Tells the stories of a generation, America's citizen heroes and heroines who came of age during the Great Depression and the Second World War and went on to build modern America.
"In the spring of 1984, I went to the northwest of France, to Normandy, to prepare an NBC documentary on the fortieth anniversary of D-Day, the massive and daring Allied invasion of Europe that marked the beginning of the end of Adolf Hitler's Third Reich. There, I underwent a life-changing experience. As I walked the beaches with the American veterans who had returned for this anniversary, men in their sixties and seventies, and listened to their stories, I was deeply moved and profoundly grateful for all they had done. Ten years later, I returned to Normandy for the fiftieth anniversary of the invasion, and by then I had come to understand what this generation of Americans meant to history. It is, I believe, the greatest generation any society has ever produced."
In this superb book, Tom Brokaw goes out into America, to tell through the stories of individual men and women the story of a generation, America's citizen heroes and heroines who came of age during the Great Depression and the Second World War and went on to build modern America. This generation was united not only by a common purpose, but also by common values--duty, honor, economy, courage, service, love of family and country, and, above all, responsibility for oneself. In this book, you will meet people whose everyday lives reveal how a generation persevered through war, and were trained by it, and then went on to create interesting and useful lives and the America we have today.
"At a time in their lives when their days and nights should have been filled with innocent adventure, love, and the lessons of the workaday world, they were fighting in the most primitive conditions possible across the bloodied landscape of France, Belgium, Italy, Austria, and the coral islands of the Pacific. They answered the call to save the world from the two most powerful and ruthless military machines ever assembled, instruments of conquest in the hands of fascist maniacs. They faced great odds and a late start, but they did not protest. They succeeded on every front. They won the war; they saved the world. They came home to joyous and short-lived celebrations and immediately began the task of rebuilding their lives and the world they wanted. They married in record numbers and gave birth to another distinctive generation, the Baby Boomers. A grateful nation made it possible for more of them to attend college than any society had ever educated, anywhere. They gave the world new science, literature, art, industry, and economic strength unparalleled in the long curve of history. As they now reach the twilight of their adventurous and productive lives, they remain, for the most part, exceptionally modest. They have so many stories to tell, stories that in many cases they have never told before, because in a deep sense they didn't think that what they were doing was that special, because everyone else was doing it too.
"This book, I hope, will in some small way pay tribute to those men and women who have given us the lives we have today--an American family portrait album of the greatest generation."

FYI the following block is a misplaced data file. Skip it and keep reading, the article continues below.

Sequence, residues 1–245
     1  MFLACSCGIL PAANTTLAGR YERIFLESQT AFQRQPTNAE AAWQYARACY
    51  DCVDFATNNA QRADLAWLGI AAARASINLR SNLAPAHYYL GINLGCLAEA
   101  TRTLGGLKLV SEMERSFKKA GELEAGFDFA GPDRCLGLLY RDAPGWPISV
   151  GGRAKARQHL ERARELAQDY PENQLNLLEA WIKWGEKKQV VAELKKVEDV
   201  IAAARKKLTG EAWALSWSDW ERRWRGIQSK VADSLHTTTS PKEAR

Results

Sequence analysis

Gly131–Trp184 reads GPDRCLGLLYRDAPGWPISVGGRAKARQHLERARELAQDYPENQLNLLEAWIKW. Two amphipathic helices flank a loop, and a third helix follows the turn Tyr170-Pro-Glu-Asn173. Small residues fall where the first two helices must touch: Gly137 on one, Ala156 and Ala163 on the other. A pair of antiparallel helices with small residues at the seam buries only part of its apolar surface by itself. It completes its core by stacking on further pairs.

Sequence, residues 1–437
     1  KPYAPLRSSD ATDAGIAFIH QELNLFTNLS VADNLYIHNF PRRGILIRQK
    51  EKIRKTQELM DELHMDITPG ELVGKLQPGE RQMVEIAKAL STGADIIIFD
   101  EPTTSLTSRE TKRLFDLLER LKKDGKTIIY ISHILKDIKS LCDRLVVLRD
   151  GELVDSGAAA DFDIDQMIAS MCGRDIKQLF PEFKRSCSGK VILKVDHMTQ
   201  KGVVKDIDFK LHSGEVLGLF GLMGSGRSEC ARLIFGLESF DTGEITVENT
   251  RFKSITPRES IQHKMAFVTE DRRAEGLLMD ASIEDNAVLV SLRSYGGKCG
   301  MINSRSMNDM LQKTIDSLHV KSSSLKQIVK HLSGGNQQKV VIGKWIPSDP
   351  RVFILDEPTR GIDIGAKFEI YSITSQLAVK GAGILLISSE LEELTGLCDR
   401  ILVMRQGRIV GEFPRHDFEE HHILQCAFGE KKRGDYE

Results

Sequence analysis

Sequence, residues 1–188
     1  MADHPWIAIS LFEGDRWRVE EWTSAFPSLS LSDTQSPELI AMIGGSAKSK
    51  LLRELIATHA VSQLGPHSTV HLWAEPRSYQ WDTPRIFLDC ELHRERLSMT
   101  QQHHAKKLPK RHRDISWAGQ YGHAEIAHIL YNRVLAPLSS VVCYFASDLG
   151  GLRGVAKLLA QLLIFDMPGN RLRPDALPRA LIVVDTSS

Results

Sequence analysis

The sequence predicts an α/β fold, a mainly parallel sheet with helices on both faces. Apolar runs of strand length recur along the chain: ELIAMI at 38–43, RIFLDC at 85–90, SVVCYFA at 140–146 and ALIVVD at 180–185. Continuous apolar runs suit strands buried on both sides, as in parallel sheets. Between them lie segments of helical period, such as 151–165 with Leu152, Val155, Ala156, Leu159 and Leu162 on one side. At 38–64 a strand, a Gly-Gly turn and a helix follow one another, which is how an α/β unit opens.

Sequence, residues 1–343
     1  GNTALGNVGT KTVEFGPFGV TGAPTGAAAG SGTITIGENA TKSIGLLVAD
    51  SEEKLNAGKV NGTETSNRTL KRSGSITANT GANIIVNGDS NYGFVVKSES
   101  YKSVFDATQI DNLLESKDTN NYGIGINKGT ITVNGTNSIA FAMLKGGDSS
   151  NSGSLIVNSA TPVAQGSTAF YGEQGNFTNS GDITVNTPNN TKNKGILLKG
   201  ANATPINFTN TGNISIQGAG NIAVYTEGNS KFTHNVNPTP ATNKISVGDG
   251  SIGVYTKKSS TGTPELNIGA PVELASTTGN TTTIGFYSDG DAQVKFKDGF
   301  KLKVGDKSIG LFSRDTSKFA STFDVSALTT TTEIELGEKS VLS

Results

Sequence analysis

In this book you'll meet people like Charles Van Gorder, who set up during D-Day a MASH-like medical facility in the middle of the fighting, and then came home to create a clinic and hospital in his hometown. You'll hear George Bush talk about how, as a Navy Air Corps combat pilot, one of his assignments was to read the mail of the enlisted men under him, to be sure no sensitive military information would be compromised. And so, Bush says, "I learned about life." You'll meet Trudy Elion, winner of the Nobel Prize in medicine, one of the many women in this book who found fulfilling careers in the changed society as a result of the war. You'll meet Martha Putney, one of the first black women to serve in the newly formed WACs. And you'll meet the members of the Romeo Club (Retired Old Men Eating Out), friends for life.
Through these and other stories in The Greatest Generation, you'll relive with ordinary men and women, military heroes, famous people of great achievement, and community leaders how these extraordinary times forged the values and provided the training that made a people and a nation great.
War and Remembrance:
Three Women and How They Served
Maion Rivers Nittel: "A full-blown spirit of patriotism was in every heart."
Claudine "Scottie" Lingelbach: "I want to tell my grandchildren I was more than a pinup girl in the Great War."
Alison Ely Campbell: "You had to do your part."
. . . . . . . . . . . . . . .
Marion Rivers's life was centered on her family, her job, and her small city of Attleboro, Massachusetts, until the war caught up to America. Then the company for which she worked, General Plate Division of Metals and Controls Corporation, was immediately forced to convert from making rolled gold plate for jewelry to producing technical instruments for military purposes.
She remembers the pride of all the employees when the company was awarded a large E for excellence and the Army and Navy organized a ceremony to present a banner to be flown outside the plant. "I can still see that flag," Marion says, "snapping on the flagpole whenever I entered and...
If you liked The Greatest Generation, try these:
Essays written by some of the most respected and well-known military historians of our time (Stephen Ambrose, John Keegan, Caleb Carr, William Manchester etc.), describe the horror and heroism of World War II.
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